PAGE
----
The Grapes of Death proves Jean Rollin's understanding of the horror genre and his ability to be innovative while remaining reverential. Rollin is indebted to films ranging from House of Dracula to Let Sleeping Corpses Lie, yet he exports a 70's art house aesthetic as his visual style. It is, in essence, a pastiche, but Rollin cleverly disguises this through distinct narrative ingenuity, even if the beats and plot points are clearly generic. A pesticide is being sprayed onto the grapes of a vineyard in order to turn those who drink the wine into zombies, thus making them slaves to the grapes - more proletarian workers to harvest the fruit needed for bourgeois luxury. A young woman named Elisabeth (Marie-Georges Pascal) traveling to see her boyfriend, discovers the plot after confronting one of the zombies on a train. She then works to expose the plot, to muddled success. Nothing within the narrative really matters, as Rollin's film is, at heart, exploitation, using the broadly drawn allegory for gore effects (well done), female nudity (always welcome) and zombie slumbering (eh). The sum product succeeds because of Rollin's vacillation between various modes, even if there are periods of flat-footed dialogue inspiring viewer disinterest.

Thursday, October 28, 2010

Horrorthon 2: Day Twenty-Seven: Pumpkinhead (Stan Winston, 1988) -- D+

Pumpkinhead is a terrible movie, made all the more disheartening because its interesting premise is squandered in director Stan Winston's incompetent attempt to balance horror and pathos, religious symbolism and vigilante justice (his only subsequent feature involved Anthony Michael Hall and a gnome). The special effects maestro has no sense of narrative progression, tonal consistency, or, most importantly, no respect for a viewer's good faith, since it becomes clear that Winston's true interest lies in the titular demon, summoned by Ed Harley (Lance Henriksen) to eviscerate a pack of wild teenagers who accidentally killed his son during a dirt bike race. The death itself absolutely defies logic or coherence, coming about through an inane series of excuses and coincidences that puts him in danger. My quibbling about such things usually remains minimal, since narrative liberties are often necessary to pursue thematic questions. Here, however, it's just a silly ploy to put the narrative into motion. Unfortunately, all of the southern black magic plays like the hokum it is, letting the demon kill a few characters before Ed, conveniently, has a change of heart, unconvincingly adding a layer of guilt to his initial need for vengeance. Oddly enough, Pumpkinhead's attempt to add "character development" or various genre elements to the Alien mold just complicates and muddles things since Winston doesn't have a strong enough directorial eye to navigate them convincingly.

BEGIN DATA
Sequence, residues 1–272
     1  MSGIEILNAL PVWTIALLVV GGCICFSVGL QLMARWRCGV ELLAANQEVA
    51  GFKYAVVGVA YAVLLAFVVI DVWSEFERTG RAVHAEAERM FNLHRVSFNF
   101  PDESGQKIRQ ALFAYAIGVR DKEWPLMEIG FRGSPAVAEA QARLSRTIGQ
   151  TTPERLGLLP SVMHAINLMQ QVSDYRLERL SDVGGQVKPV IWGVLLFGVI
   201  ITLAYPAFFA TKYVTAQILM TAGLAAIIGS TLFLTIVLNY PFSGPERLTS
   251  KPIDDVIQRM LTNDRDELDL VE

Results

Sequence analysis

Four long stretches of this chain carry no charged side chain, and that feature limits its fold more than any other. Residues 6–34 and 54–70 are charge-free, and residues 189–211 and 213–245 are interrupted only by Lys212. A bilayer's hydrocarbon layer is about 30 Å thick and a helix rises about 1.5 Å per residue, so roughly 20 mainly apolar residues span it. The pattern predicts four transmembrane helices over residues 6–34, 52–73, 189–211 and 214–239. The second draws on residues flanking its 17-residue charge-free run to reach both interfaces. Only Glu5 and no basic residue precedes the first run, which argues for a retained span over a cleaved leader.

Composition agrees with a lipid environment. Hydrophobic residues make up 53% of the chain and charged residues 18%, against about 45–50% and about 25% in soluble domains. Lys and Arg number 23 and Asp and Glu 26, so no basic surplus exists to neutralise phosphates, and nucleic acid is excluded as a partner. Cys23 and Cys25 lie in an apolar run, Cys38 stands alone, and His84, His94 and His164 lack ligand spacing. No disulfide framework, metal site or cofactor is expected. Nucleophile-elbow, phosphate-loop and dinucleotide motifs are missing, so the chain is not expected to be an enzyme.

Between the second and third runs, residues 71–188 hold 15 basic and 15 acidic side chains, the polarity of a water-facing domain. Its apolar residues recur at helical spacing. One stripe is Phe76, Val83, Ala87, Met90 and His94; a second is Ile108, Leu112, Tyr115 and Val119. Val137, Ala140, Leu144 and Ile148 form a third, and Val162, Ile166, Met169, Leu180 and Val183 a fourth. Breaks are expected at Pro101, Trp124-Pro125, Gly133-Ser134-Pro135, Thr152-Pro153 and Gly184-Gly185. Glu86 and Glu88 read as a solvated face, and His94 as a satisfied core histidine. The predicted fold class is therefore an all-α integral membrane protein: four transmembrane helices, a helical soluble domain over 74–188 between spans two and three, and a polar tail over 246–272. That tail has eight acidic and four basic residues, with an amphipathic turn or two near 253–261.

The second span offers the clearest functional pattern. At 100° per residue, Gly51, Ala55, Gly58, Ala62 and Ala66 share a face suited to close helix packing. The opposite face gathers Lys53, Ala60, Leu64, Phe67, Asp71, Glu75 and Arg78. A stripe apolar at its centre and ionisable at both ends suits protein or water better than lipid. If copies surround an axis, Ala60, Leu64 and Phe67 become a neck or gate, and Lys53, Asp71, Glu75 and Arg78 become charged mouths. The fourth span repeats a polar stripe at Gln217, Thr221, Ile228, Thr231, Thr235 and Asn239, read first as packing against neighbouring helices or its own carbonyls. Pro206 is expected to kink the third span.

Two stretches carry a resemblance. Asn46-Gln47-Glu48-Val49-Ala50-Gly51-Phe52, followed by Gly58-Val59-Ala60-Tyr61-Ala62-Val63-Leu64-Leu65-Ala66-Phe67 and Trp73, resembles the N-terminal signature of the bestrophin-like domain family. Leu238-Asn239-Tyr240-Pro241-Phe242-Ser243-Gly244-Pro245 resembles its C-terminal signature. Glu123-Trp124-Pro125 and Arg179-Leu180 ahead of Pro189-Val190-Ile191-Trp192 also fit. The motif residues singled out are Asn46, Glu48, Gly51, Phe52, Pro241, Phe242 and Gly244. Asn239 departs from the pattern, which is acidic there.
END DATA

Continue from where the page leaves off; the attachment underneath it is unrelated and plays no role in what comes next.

Tuesday, October 26, 2010

Horrorthon 2: Day Twenty-Six: Uncle Sam (William Lustig, 1997) -- C+

The lofty prospect of a Larry Cohen script under William Lustig's direction only comes to moderate fruition in Uncle Sam, mostly due to both men dropping the ball in the third act. A fascinating set-up has Sam Harper (David Fralick) being killed during Desert Storm; three years later, his sister, wife, and nephew are still grappling with his death, especially once they're informed that his dead body has finally been discovered and is soon to be returned home for burial. The nephew Jody (Christopher Ogden) finds solace in calling Sam a hero, and vows to enlist when he's of age. Cohen and Lustig communicate these sequences with the utmost clarity, displaying how young minds are constructed to follow the Nationalistic order. As Jody says, "I'll do whatever the president asks of me when I'm a soldier, because he knows more than we do." Intervening is veteran soldier Jed Crowley (Issac Hayes), who tells Jody that "we used to know who and what we were fighting. Now everybody is confused." These elements nicely stage a narrative for engaging complex subjects, and Lustig films them without pretension, modestly and with conviction. What doesn't work, however, is the film's strictly horror half, when the body of "Uncle Sam" comes to life, dons the red, white, and blue duds and starts killing people during a July 4th celebration. This shift, though initially apropos in its allegorical dimension, betrays the more sincere aspects of a film confronting government lies and the selling of propaganda to susceptible children. Especially when the killings begin to have nothing to do with this thread and eventually become a self-parody. It makes one long for Bob Clark's masterpiece Deathdream, a thoroughly allegorical and intelligent film dealing with the impossibility of civilian assimilation after facing the horrors of war. Uncle Sam could have reached somewhere close to those heights if it had remained steadfast to its convictions, rather than calling an audible in favor of lesser thrills.